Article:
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Kia and Hyundai’s anti-theft software updates may need fixes of their own according to new reports

Kia and Hyundai’s Software Fixes for Hot-Wiring Vulnerabilities May Need Fixes Themselves

Compatibility Issues Found in Kia’s Software Update

The software fixes that Kia and Hyundai are distributing to help stop a nationwide crime fad in hot-wiring their older vehicles may need fixes of their own.

Both auto companies have notified their dealers that the software solutions are not working perfectly.

According to a service bulletin sent from Kia America to its dealers in February, the company identified a compatibility issue involving vehicles equipped with remote start accessories.

Another bulletin, issued last week, said the problem has not been remedied.

Efforts to Resolve the Issues

A spokesperson for Kia confirmed that the issue persists, but the company expects to release a new version of the software update this month that is compatible with the subset of vehicles equipped with remote start. The automaker remains “confident” the upgrade works as designed for eligible models, the spokesperson said.

The same software update is also available for older Hyundai models not equipped with an anti-theft device.

A Hyundai spokesperson told Automotive News that engineers are working to resolve the conflict in communication with dealers and affected customers. Affected vehicles are located in colder climates where the remote start feature is more popular, the spokesperson said.

Background of the Issue

The upgrades are part of a campaign the companies launched in February to protect 7 million Hyundai and Kia vehicles from the 2011 through 2022 model years that are vulnerable to hot-wire theft. Thieves can quickly break into the vehicles, pop off their steering wheel columns and start the car with a USB plug or a similarly shaped tool.

A video demonstrating how to start the vehicles surfaced on TikTok last year and set off a nationwide crime spree.

Owners of older-model Hyundai and Kia vehicles impacted by the TikTok-inspired crime wave have agitated for relief from the automakers for months. In April, the companies agreed to pay $200 million to settle a class-action lawsuit brought by owners in states around the country. They are still facing lawsuits from a variety of litigants, including 68 insurance companies claiming the easy-to-steal vehicles are costing them money.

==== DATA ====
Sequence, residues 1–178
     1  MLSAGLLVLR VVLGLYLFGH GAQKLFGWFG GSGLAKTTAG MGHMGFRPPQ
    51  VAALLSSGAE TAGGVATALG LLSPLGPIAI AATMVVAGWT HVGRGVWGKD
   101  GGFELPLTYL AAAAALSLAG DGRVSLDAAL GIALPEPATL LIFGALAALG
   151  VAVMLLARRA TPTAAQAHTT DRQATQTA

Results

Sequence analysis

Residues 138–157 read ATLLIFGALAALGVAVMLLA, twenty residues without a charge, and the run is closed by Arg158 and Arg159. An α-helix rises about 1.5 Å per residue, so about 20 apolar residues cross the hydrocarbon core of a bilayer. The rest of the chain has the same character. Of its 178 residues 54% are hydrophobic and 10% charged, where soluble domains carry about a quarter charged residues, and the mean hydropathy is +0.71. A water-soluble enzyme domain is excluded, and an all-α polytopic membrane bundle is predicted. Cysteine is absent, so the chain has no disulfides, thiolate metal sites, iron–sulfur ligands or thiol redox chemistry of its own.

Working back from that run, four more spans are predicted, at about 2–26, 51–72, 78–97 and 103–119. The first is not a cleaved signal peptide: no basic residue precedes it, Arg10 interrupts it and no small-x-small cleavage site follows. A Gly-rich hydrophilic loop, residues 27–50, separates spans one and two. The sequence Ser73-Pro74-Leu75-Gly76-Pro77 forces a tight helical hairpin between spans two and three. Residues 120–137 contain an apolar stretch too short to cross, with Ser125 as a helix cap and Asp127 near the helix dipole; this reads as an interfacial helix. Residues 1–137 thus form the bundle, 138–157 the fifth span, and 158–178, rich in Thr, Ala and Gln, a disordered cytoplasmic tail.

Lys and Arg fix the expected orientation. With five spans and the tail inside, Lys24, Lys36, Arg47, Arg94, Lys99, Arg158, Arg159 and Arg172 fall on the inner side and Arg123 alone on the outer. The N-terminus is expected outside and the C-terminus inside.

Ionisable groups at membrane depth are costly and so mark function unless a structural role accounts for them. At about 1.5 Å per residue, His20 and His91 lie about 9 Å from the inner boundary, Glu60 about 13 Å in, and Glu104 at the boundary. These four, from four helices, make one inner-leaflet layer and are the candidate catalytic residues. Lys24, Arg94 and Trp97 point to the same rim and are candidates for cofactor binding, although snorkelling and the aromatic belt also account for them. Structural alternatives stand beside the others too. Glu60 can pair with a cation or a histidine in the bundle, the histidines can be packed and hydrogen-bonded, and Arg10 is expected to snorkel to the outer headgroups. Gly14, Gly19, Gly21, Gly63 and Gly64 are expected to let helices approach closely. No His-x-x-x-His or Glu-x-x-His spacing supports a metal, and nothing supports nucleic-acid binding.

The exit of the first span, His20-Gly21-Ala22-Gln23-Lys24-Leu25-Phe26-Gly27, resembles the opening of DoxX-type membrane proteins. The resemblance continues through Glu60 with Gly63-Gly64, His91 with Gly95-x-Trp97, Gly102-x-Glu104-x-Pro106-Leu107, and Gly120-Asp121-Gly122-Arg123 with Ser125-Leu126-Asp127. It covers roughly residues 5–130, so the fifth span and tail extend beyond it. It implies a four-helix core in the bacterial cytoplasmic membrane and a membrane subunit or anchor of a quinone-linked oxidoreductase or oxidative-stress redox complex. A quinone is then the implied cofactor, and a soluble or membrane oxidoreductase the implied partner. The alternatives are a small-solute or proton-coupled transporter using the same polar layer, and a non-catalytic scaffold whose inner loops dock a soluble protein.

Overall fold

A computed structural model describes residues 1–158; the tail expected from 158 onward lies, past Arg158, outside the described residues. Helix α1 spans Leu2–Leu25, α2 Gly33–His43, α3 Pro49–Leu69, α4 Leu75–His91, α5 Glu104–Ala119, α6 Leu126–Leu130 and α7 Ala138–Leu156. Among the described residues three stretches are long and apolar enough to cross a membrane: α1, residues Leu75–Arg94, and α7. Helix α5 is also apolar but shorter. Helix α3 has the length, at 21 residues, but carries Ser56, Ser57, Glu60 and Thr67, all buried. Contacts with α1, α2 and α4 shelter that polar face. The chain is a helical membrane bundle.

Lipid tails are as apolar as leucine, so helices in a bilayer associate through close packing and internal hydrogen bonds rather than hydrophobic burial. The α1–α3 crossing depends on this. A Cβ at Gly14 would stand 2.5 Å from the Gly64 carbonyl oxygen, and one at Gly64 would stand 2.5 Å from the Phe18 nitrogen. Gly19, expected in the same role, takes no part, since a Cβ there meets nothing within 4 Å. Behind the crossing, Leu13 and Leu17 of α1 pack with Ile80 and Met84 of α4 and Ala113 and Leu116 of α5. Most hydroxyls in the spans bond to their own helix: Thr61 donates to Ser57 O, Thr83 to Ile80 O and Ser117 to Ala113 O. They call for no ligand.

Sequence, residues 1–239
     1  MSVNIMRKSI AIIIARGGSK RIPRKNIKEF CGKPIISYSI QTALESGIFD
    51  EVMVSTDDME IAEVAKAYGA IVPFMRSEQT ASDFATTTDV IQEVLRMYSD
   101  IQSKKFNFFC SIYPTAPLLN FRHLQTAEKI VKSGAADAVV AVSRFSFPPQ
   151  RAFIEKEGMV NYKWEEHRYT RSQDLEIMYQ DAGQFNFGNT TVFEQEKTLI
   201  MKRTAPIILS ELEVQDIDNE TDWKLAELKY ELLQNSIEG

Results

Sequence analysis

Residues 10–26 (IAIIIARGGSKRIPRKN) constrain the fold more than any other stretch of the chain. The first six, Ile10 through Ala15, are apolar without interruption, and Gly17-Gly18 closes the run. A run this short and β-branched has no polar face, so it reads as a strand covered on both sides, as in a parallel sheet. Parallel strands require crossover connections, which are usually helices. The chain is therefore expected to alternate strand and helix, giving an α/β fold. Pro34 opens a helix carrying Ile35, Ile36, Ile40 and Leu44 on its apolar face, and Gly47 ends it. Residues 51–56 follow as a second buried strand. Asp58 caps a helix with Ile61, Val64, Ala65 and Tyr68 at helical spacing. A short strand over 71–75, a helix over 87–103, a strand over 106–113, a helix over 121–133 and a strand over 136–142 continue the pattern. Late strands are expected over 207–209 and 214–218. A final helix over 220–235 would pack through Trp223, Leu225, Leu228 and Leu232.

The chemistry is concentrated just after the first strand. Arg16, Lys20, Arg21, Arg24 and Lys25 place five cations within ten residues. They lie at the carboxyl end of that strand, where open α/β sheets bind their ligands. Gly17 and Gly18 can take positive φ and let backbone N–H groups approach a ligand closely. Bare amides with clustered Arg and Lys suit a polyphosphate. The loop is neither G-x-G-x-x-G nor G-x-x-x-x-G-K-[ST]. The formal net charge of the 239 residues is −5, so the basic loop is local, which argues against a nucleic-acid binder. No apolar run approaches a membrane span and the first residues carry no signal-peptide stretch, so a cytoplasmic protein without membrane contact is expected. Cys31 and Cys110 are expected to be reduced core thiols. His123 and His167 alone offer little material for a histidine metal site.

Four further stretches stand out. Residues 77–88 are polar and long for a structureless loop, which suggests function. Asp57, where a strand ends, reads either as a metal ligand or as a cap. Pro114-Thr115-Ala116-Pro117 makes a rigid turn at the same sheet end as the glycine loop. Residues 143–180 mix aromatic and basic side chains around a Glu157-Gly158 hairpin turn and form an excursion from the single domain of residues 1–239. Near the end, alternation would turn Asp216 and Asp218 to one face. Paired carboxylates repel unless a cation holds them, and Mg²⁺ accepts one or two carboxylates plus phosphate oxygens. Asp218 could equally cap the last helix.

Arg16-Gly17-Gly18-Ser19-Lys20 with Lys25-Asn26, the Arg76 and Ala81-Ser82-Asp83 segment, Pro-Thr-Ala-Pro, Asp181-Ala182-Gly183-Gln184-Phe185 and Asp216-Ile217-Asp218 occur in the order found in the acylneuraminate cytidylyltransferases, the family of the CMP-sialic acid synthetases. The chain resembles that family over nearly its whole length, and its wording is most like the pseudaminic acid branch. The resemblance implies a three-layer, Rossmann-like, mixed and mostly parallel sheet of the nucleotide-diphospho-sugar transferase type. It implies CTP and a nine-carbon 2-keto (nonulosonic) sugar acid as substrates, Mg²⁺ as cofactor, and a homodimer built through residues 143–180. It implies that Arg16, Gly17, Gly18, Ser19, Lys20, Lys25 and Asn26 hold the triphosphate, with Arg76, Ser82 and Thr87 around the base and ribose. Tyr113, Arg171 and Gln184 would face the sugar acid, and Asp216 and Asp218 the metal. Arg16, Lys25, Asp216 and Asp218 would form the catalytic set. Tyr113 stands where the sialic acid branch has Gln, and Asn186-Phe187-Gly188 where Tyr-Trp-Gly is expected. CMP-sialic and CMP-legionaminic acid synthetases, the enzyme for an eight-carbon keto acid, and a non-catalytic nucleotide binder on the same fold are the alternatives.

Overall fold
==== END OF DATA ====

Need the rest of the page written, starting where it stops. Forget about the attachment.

Slow Progress in Upgrading Vehicles

Hyundai and Kia estimate there are 9 million affected vehicles between them on the road. Only 7 million of these — 3.8 million from Hyundai and 3.2 million from Kia — are eligible for the upgrade because they are equipped with burglar alarms. The companies have been working to get steering wheel locks to the balance of owners whose vehicles are ineligible for the upgrade.

In the meantime, getting consumers to complete the upgrade is slow going.

Hyundai said only 9 percent of its eligible vehicles have been updated with the fix so far, while Kia said 11 percent of its eligible vehicles have undergone the upgrade.

Expert Opinion on Software Updates

“A lot of these fixes can create other problems and we don’t know how long they were working on this fix, but it can take quite a bit of time to validate it and ensure that the system is working as intended under conditions expected,” Sean Kane, founder and president of the motor vehicle safety advocacy group Safety Research and Strategies, told Automotive News.

“Software updates on complex vehicles are no small undertaking if you’re going to do the validation fully and thoroughly,” Kane said, noting that new vehicles can have more than 100 million lines of code.


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